But if you are just buying the assets which include the team if you are buying them now all of a sudden on July the 2nd or July the 1st they are employed by some other company the buyer and most countries have this rule that you cannot take somebody and change their terms and conditions just because you bought the company or bought the assets. You have to maintain them at the equivalent level not just in terms of cash compensation but also in terms of all the benefits. For example, we had a situation, we were helping one of our private equity firm clients, they were acquiring a very large division of Dell. Dell at that point had 110,000-120,000 employees and of which, I do not remember, how many they had in the UK but the client was buying about 300 people in the UK were going to come over. They were in a shared facility with Dell and that shared facility had a gym as they were going to move out, they could not rent a place that had a gym in it. How do you make it whole? Then they had to figure out what is the membership for a gym that was nearby and they said ‘okay, you can become a member of that gym and we will cover the cost.’
That is keeping those people whole because they had that benefit before you can just take it away. You may have to worry about insurance non-insurance plans. Insurance plans – health benefits, things like that and non-insurance plans like child care vouchers, or meal vouchers, things like that. You have to procure those under your umbrella now and make sure that you provide those. Payroll continuity applies because at the end of the month especially if you have a zero-day TSA or one day TSA, at the end of month you may have to make payroll and how you are going to do that? Then whatever the local quirks might be because the UK is different than the US, different than Singapore, different than China, and all of these matters. For example, in China when you do an asset purchase the seller has to pay severance if the employee requires it. The next morning, they show up and work for the same company, the buyer and they just got a big pay-out for no good reason but that is the law of the land and you cannot violate that – local quirks. Colombia is similar, that you cannot terminate somebody without paying severance, so you cannot transfer their employment. How do you do this? And this again goes back to that concept of having good advisors, people that can help hold your hand and guide you through that.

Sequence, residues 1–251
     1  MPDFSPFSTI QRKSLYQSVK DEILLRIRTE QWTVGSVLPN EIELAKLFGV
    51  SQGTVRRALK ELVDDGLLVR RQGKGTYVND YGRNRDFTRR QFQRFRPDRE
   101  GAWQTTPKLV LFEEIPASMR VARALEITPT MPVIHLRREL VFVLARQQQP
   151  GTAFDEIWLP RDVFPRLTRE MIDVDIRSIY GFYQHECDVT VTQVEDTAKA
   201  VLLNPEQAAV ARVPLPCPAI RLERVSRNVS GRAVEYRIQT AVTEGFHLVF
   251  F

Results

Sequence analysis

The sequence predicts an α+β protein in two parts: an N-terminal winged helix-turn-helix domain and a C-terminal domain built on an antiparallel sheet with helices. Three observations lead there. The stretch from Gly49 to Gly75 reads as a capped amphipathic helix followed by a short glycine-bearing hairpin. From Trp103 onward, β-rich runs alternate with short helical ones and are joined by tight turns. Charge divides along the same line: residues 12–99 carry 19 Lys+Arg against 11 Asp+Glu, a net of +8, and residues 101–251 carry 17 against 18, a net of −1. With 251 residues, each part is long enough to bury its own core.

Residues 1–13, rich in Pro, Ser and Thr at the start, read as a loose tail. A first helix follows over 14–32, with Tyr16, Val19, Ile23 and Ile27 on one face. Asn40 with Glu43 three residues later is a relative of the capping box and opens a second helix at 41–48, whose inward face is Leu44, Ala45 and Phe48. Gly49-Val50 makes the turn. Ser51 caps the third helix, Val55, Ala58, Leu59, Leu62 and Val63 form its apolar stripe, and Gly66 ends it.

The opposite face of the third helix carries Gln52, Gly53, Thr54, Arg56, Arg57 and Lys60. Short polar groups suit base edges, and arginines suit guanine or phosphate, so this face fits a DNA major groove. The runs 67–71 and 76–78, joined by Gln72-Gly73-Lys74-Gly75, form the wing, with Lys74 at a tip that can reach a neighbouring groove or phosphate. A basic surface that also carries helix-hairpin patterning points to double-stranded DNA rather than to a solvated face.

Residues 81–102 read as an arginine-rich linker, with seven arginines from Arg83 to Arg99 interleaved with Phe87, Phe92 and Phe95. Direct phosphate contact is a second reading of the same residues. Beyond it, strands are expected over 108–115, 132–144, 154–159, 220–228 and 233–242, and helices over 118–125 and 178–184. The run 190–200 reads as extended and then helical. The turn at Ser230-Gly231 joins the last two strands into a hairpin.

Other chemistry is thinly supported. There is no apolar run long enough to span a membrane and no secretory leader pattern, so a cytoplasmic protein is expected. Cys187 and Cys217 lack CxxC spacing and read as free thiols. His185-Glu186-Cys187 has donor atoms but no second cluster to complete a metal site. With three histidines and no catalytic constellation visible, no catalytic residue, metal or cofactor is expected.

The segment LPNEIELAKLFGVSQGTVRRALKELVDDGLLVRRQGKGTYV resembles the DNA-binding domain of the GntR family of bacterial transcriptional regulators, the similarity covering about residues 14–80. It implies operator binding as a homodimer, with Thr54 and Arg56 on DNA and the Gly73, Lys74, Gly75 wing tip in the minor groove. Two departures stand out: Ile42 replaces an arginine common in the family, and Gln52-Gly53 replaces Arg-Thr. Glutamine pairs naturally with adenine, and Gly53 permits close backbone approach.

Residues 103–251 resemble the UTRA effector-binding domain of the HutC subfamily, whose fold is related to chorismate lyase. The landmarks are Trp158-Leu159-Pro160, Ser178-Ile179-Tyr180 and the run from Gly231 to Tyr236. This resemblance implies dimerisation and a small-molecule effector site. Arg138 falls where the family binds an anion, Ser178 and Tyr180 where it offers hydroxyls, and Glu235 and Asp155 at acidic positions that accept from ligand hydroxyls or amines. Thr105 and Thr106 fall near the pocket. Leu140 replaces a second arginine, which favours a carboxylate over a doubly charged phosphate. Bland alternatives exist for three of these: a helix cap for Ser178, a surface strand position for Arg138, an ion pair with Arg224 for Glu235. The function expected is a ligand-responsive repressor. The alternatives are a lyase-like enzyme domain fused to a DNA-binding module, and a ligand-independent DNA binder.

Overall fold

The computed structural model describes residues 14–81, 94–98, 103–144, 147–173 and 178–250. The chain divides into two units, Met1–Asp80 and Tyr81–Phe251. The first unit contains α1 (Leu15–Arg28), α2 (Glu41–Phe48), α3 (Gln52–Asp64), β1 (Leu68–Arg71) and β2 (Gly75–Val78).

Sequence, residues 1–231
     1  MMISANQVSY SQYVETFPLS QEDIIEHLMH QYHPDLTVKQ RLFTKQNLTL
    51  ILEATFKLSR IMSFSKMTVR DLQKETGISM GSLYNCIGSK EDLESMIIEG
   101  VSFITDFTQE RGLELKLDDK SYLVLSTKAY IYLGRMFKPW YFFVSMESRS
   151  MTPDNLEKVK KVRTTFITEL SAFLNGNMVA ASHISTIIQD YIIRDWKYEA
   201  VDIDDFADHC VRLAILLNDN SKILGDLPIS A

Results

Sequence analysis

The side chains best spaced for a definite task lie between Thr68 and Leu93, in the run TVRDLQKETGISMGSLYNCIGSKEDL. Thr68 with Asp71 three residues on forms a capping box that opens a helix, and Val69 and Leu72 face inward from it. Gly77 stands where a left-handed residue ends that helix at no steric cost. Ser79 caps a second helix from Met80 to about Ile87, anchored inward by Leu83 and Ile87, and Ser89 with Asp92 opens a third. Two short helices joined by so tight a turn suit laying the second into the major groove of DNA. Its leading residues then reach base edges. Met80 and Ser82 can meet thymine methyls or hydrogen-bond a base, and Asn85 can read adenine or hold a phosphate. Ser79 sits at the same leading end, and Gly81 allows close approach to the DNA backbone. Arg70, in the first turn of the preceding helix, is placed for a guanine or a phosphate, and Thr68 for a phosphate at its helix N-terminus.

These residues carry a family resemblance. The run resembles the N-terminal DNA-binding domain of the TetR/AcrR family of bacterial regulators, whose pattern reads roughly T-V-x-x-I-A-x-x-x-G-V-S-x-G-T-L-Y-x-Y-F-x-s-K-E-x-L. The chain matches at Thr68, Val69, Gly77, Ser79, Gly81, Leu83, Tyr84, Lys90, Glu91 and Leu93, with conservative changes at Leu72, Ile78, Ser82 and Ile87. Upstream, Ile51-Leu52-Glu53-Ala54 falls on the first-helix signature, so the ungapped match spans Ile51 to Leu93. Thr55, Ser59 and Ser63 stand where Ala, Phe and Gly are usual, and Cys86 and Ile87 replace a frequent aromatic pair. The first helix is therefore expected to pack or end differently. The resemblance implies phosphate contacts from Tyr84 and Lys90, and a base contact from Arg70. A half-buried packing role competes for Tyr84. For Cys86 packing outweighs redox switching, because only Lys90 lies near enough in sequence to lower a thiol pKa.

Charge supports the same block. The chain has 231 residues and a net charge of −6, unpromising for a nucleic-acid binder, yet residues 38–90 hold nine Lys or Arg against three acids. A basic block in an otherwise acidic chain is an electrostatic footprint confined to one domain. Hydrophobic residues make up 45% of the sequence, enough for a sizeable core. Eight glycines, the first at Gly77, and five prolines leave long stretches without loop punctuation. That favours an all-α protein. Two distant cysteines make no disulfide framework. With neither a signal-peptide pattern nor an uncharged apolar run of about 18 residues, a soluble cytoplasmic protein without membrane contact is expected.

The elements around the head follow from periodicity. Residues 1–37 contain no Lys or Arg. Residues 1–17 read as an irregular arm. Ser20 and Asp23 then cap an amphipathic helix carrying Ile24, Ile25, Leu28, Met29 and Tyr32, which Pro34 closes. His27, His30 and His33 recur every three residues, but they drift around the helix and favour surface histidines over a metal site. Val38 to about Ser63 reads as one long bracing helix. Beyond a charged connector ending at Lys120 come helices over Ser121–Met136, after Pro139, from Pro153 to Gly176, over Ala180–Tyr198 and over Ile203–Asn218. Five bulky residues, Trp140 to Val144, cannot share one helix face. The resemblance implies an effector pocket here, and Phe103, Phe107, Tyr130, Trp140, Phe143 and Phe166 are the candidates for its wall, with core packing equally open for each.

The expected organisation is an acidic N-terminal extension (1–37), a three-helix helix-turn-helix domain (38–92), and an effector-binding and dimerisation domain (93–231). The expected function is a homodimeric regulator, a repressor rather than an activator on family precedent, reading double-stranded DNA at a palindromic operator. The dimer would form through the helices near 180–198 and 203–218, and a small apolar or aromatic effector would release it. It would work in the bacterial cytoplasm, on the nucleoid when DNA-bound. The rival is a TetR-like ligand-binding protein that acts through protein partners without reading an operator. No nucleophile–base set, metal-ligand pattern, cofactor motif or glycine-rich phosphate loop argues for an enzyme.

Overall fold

Sometimes you have to worry about these from an employment-employee perspective you have to worry about CBAs and works councils and unions because they have the ability to turn down the acquisition. They just say, ‘hey in Sweden you cannot do this.’ So, now what are you going to do? You cannot buy those people as part of this deal. Those are some of the challenges and I know we are going to be running out of time here in the next five minutes I just rushed through that but there is a lot more to this issue of mergers and acquisitions.